Are Most Fish Oil Products Synthetic?
Reading medical journals and following the mass media, it’s easy to get the idea that fish oil is something any sensible person should use. It’s rare to see anything suggesting that it could be dangerous.
The omega-3 fats, including those with long chains found in fish oils, are said to make babies more intelligent, to be necessary for good vision, and to prevent cancer, heart disease, obesity, arthritis, depression, epilepsy, psychosis, dementia, ulcers, eczema and dry skin.
Certain fish oil supplements contain “not a single milligram” of the omega-3 fats found in fish, according to a class-action lawsuit filed against The Bountiful Company and its subsidiary Nature’s Bounty.1 As a result, people consuming these supplements in the hopes of gaining omega-3’s many beneficial effects may be being misled.
Wild-caught salmon, sardines and certain other fish are an excellent source of eicosapentaenoic acid (EPA) and docosahexaenoic acid (DHA), two omega-3 fats known for their role in brain health, heart health and more. It’s been shown, for instance, that eating fatty fish two to three times a week reduces the risk of heart disease and stroke.2
However, because most Americans do not consume much seafood, many rely on fish oil supplements instead. But Nature’s Bounty fish oil contains no EPA or DHA, the suit alleges.3
Are Consumers Wasting Billions on Synthetic Fish Oil?
Fish oil is among the most popular supplements in the U.S. Globally, the fish oil market was valued at $1.9 billion in 2019, with estimates suggesting this will rise to $2.8 billion by 2027.4 Many of these dollars may be wasted, however, due to a chemical process that leaves many fish oil supplements lacking in actual EPA and DHA. According to the suit, which was filed in September 2021:5
“Defendants manufacture, label and sell a Product which they claim to be 1400 mg. of Fish Oil containing of 647 mg. of Eicosapentaenoic Acid (“EPA”) and 253 mg. of Docosahexaenoic Acid (“DHA”)—the essential omega-3 fatty acids that naturally occur in fish …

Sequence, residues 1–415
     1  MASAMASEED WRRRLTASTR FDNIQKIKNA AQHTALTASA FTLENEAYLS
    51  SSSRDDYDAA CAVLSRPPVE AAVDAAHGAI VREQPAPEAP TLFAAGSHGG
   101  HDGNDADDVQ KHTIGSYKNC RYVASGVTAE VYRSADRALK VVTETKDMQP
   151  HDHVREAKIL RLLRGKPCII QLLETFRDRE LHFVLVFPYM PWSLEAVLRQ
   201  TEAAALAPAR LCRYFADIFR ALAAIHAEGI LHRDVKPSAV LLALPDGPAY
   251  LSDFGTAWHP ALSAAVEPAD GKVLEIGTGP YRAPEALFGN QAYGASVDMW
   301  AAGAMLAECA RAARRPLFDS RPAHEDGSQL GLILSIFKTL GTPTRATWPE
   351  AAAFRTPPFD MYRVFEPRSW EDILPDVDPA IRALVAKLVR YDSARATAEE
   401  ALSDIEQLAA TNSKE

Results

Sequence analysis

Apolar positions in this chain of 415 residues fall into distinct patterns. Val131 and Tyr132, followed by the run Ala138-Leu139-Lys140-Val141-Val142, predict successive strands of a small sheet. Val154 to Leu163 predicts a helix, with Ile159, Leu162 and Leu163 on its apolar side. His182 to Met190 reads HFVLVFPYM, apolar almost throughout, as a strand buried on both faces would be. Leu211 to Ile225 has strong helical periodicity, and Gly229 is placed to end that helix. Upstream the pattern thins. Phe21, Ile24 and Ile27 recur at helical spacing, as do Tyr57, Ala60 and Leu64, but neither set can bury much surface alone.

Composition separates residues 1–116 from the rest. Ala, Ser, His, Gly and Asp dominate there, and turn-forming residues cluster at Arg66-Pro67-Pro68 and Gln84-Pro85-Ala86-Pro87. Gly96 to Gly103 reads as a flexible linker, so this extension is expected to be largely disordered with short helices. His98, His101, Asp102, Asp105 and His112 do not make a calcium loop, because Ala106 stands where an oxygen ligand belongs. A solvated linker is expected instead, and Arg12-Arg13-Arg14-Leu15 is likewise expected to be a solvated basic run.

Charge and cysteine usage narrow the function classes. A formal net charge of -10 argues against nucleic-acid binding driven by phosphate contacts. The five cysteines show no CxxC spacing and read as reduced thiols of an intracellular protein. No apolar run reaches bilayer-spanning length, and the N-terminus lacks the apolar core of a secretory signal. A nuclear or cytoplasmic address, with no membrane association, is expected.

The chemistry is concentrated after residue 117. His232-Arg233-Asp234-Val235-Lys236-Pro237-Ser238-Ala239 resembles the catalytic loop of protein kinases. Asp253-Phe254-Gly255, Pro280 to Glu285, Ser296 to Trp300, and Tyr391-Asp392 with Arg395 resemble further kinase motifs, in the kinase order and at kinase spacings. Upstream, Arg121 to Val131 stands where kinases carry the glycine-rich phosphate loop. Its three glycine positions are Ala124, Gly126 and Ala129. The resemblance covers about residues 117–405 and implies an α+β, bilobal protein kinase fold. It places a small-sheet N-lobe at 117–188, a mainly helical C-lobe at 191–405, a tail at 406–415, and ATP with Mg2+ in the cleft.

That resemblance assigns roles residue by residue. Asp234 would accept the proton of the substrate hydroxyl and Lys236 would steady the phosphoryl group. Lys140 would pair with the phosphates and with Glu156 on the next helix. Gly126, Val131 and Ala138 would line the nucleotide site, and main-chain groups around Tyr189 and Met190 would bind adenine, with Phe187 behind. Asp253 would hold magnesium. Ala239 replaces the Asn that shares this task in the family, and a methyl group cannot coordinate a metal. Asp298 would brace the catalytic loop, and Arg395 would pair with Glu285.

They also proudly claim that the contents are USP verified, which, among other things, assures consumers that the Product “contains the ingredients listed on the label, in the declared potency and amounts” … Contrary to what is represented on the label, however, this Product is not fish oil, nor does it contain a single milligram of EPA or DHA.”
Most Fish Oil Supplements Contain Omega-3 Ethyl Esters
The issue with most fish oil supplements is the chemical process used — trans-esterification — which transforms the oil into a synthetic product that’s far removed from the oil you’d get when eating sardines or other fatty fish. The suit explains:6
“What was once a low-grade oil derived from fish offal, has been subjected to a chemical process by which its molecular structure and constituent parts have been substantially transformed and irrevocably altered into a synthesized product that does not otherwise exist in fish, or nature.
Through this chemical process, known as trans-esterification, an industrial solvent is introduced into the fish oil in order to break its natural triglyceride bonds and cleave the glycerol backbone from fatty acid molecules.
Thereafter, ethanol is introduced to which the newly freed fatty acids bond to form fatty acid ethyl esters. Fish oil is stripped of hundreds of its constituent sub ingredients, and the Omega-3s, which include DHA and EPA, are converted into ethyl esters.
Critically, these newly formed Omega-3s are different molecules than the Omega-3s which exist naturally in fish oil. The new chemical by-products are universally recognized by their common or usual name — Fatty Acid Ethyl Esters (“FAEE”).”
Dietary supplement labels should use the product’s common name in order to inform consumers of what they’re purchasing. But fish oil is trans-esterified, it becomes FAEE, the lawsuit alleges, and therefore can no longer be called fish oil on labels.
“To do so, as NBI [Nature’s Bounty Inc] has done, is false, misleading, deceptive, unlawful and perpetrates an actionable fraud on the consuming public,” according to the suit, which added, “Defendants falsely represented the fundamental nature of their product, and as a result of this false and misleading labeli
Article from LewRockwell